I make the point honestly, but I shall not labour the argument because, in another contextI hope that you will allow me briefly to allude to it, Mr. Sayeed, because it is relevantone could argue slightly differently. The Committee may have thought of parallels and of models of adjudication used by other Government Departments or their agencies. For example, we are all familiar with the Child Support Agency and the Benefits Agency and the fact that such matters as the over or under-payment of benefits or entitlements and the possible recovery of that money can be referred to another authority. In some cases, but not all, those authorities comprise individuals who are entrusted with responsibility by, and, in a sense, are acting on behalf of, the Secretary of State. I was recently involved in such a case but, although that authority was acting on behalf of the Secretary of State, I am pleased to say that it found for my constituent and against the Benefits Agency. That saved my constituent a considerable sum of money, which she and her husband could ill afford to lose.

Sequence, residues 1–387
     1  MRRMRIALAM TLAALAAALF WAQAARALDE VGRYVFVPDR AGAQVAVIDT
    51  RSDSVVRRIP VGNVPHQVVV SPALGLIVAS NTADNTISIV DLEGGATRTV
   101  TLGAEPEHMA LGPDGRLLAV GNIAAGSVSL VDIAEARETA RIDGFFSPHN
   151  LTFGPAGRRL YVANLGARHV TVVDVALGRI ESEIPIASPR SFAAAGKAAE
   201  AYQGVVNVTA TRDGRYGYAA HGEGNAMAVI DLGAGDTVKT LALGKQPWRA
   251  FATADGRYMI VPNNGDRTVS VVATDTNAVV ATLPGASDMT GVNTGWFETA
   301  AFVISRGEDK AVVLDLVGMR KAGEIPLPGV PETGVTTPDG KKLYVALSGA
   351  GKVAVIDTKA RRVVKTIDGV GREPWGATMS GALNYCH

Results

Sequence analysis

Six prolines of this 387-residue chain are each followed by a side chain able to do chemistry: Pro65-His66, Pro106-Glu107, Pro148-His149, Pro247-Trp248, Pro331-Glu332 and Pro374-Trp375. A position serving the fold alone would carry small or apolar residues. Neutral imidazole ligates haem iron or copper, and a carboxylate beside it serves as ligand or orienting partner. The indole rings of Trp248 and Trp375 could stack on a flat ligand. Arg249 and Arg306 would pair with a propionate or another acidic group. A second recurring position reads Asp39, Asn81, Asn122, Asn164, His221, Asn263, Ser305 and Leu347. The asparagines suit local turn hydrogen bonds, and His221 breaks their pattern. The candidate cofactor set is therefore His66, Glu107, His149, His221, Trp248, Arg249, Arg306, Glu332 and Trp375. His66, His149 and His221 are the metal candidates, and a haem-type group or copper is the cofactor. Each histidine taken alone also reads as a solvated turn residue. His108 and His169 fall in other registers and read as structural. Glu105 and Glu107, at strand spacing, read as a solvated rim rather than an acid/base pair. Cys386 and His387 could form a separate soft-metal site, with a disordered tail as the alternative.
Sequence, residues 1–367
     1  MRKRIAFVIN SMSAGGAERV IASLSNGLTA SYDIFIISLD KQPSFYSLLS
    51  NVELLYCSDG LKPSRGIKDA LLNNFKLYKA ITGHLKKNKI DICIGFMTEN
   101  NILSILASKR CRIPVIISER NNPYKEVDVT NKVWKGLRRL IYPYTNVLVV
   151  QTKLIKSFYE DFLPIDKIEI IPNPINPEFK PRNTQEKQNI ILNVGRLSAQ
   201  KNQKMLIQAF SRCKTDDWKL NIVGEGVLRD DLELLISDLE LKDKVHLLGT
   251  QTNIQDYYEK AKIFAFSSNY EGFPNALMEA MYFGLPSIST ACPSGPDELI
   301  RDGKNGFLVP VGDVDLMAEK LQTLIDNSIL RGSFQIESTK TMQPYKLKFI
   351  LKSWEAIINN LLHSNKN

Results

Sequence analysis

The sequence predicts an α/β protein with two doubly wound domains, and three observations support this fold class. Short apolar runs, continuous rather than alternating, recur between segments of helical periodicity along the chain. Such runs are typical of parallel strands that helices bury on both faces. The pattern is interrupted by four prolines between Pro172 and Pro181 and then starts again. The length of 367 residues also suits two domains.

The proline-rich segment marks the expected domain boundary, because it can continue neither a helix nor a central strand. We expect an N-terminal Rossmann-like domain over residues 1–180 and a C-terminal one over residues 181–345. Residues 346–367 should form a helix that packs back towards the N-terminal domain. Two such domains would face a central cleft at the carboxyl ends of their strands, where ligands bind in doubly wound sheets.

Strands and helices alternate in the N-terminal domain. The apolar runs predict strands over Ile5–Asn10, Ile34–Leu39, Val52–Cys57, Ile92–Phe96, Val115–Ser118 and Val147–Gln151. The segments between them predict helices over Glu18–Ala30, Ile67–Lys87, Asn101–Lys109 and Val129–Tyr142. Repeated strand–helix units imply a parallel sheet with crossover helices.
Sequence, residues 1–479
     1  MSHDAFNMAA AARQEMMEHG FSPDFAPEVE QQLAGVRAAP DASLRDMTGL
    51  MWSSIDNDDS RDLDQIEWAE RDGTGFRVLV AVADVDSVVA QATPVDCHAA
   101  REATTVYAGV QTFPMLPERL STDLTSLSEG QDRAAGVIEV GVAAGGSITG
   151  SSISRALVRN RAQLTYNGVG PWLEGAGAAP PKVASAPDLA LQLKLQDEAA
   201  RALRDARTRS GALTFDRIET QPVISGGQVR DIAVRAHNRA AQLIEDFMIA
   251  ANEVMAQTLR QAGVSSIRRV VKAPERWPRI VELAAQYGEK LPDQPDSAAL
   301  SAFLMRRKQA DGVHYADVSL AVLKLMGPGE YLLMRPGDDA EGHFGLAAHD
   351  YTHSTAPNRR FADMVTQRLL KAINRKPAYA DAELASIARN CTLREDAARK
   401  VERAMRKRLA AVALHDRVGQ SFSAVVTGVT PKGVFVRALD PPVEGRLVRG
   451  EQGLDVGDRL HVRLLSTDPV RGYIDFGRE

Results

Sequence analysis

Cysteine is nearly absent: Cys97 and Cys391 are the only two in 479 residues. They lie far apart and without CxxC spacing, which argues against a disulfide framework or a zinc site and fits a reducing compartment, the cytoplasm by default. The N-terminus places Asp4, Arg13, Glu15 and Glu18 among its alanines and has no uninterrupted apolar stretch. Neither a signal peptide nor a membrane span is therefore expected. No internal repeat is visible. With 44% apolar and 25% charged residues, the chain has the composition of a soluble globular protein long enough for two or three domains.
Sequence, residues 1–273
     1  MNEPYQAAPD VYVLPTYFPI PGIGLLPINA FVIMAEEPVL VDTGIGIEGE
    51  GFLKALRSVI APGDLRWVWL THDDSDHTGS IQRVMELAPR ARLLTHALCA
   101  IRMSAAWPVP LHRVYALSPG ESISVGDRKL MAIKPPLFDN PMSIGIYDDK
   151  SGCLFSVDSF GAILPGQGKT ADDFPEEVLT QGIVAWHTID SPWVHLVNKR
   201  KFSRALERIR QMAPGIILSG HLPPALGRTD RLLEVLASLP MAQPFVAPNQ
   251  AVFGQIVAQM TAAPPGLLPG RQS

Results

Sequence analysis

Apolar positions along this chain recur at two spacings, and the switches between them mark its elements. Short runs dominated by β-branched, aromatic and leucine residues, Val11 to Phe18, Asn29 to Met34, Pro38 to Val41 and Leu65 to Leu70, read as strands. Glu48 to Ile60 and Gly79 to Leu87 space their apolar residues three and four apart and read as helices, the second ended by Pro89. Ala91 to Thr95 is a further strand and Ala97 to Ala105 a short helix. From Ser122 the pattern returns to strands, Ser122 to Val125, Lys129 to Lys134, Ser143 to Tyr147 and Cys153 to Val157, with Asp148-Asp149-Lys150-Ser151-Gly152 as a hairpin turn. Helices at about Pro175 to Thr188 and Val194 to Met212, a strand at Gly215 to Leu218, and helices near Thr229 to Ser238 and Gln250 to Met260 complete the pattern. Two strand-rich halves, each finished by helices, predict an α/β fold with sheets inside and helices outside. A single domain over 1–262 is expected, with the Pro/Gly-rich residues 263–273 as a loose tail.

The Minister may think that I am arguing against myself, but I am not. I am making the point that, although those who act on behalf of the Secretary of State can sometimes make a fair judgment, that may not necessarily be so. I am concerned that, especially in the early stages once the legislation has come into force, the volume of correspondence about such matters might not be remotely approximate to the volume that we habitually expect to receive in relation to cases involving the Child Support Agency or the Benefits Agency.